List of cryptographers List of cryptographers. Pre twentieth century Al-Khalil ibn Ahmad al-Farahidi: wrote a (now lost) book on cryptography titled the "Book of Cryptographic Messages".Al-Kindi, 9th century Arabic polymath and originator of frequency analysis.Ibn Wahshiyya: published several cipher alphabets that were used to encrypt magic formulas.Ibn 'Adlan: 13th-century cryptographer who made important contributions on the sample size of the frequency analysis.Ibn al-Durayhim: gave detailed descriptions of eight cipher systems that discussed substitution ciphers, leading to the earliest suggestion of a "tableau" of the kind that two centuries later became known as the "Vigenère table".Ahmad al-Qalqashandi: Author of Subh al-a 'sha, a fourteen volume encyclopedia in Arabic, which included a section on cryptology. World War I and World War II Wartime Cryptographers Other pre-computer Modern See also: Category:Modern cryptographers for an exhaustive list. Cryptanalysts Cryptography
Cypherpunk A cypherpunk is any activist advocating widespread use of strong cryptography as a route to social and political change. Originally communicating through the Cypherpunks electronic mailing list, informal groups aimed to achieve privacy and security through proactive use of cryptography. Cypherpunks have been engaged in an active movement since the late 1980s. History Before the mailing list Until about the 1970s, cryptography was mainly practiced in secret by military or spy agencies. The technical roots of Cypherpunk ideas have been traced back to work by cryptographer David Chaum on topics such as anonymous digital cash and pseudonymous reputation systems, described in his paper Security without Identification: Transaction Systems to Make Big Brother Obsolete (1985). In the late 1980s, these ideas coalesced into something like a movement. Cypherpunk mailing list Early discussion of online privacy Main principles The term cypherpunk is mildly ambiguous.
A Cypherpunk's Manifesto by Eric Hughes Privacy is necessary for an open society in the electronic age. Privacy is not secrecy. A private matter is something one doesn't want the whole world to know, but a secret matter is something one doesn't want anybody to know. Privacy is the power to selectively reveal oneself to the world. If two parties have some sort of dealings, then each has a memory of their interaction. Since we desire privacy, we must ensure that each party to a transaction have knowledge only of that which is directly necessary for that transaction. Therefore, privacy in an open society requires anonymous transaction systems. Privacy in an open society also requires cryptography. We cannot expect governments, corporations, or other large, faceless organizations to grant us privacy out of their beneficence. We must defend our own privacy if we expect to have any. We the Cypherpunks are dedicated to building anonymous systems. Cypherpunks write code. Onward. Eric Hughes <firstname.lastname@example.org>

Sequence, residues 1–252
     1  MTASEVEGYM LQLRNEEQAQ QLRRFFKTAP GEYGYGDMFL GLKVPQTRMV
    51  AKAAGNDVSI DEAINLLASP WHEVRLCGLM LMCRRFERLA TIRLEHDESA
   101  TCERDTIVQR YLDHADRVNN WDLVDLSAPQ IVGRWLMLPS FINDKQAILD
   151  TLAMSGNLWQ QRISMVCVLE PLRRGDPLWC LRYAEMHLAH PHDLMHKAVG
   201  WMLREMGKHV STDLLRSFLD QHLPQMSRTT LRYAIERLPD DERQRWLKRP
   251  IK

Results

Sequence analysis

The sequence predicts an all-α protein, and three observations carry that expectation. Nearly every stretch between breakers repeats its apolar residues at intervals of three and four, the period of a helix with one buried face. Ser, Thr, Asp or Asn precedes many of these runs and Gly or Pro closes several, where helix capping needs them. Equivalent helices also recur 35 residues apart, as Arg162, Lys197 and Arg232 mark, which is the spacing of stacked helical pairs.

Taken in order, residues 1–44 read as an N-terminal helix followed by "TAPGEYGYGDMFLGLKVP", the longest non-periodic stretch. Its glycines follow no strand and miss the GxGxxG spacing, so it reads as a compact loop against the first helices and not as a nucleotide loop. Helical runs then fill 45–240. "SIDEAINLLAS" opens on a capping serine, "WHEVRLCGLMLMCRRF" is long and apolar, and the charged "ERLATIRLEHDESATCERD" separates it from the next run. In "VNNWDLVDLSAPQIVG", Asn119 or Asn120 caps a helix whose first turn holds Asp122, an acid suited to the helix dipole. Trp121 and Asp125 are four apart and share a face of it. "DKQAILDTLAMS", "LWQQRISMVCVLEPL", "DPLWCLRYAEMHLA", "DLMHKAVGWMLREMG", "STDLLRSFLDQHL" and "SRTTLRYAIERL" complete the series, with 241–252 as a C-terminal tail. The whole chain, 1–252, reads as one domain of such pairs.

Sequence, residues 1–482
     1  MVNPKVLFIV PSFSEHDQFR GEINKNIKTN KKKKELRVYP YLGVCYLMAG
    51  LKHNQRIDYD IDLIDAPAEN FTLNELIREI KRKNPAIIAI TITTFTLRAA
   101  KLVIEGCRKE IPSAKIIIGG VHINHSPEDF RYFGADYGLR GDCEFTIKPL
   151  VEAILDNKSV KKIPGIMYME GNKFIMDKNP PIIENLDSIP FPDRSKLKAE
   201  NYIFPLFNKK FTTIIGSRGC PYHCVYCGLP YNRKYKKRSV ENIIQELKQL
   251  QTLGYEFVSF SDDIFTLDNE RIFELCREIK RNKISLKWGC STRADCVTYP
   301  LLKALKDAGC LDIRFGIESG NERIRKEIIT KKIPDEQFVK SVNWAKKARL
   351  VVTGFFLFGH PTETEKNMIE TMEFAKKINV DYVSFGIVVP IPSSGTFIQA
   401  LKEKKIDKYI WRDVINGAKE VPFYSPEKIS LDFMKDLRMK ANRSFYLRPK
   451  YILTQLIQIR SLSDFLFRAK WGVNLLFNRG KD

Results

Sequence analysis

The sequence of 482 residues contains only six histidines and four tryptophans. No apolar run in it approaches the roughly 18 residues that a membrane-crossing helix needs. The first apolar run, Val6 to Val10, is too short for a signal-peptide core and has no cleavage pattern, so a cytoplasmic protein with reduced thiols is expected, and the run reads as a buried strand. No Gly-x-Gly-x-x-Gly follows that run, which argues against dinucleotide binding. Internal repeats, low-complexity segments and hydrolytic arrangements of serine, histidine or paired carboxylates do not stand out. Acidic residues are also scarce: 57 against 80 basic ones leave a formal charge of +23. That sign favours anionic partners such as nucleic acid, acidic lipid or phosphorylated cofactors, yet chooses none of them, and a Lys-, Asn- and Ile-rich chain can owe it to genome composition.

Two-square cipher The Two-square cipher, also called double Playfair, is a manual symmetric encryption technique. It was developed to ease the cumbersome nature of the large encryption/decryption matrix used in the four-square cipher while still being slightly stronger than the (single-square) Playfair cipher. The technique encrypts pairs of letters (digraphs), and thus falls into a category of ciphers known as polygraphic substitution ciphers. This adds significant strength to the encryption when compared with monographic substitution ciphers which operate on single characters. The use of digraphs makes the two-square technique less susceptible to frequency analysis attacks, as the analysis must be done on 676 possible digraphs rather than just 26 for monographic substitution. The frequency analysis of digraphs is possible, but considerably more difficult - and it generally requires a much larger ciphertext in order to be useful. Using two-square Algorithm Two-square cryptanalysis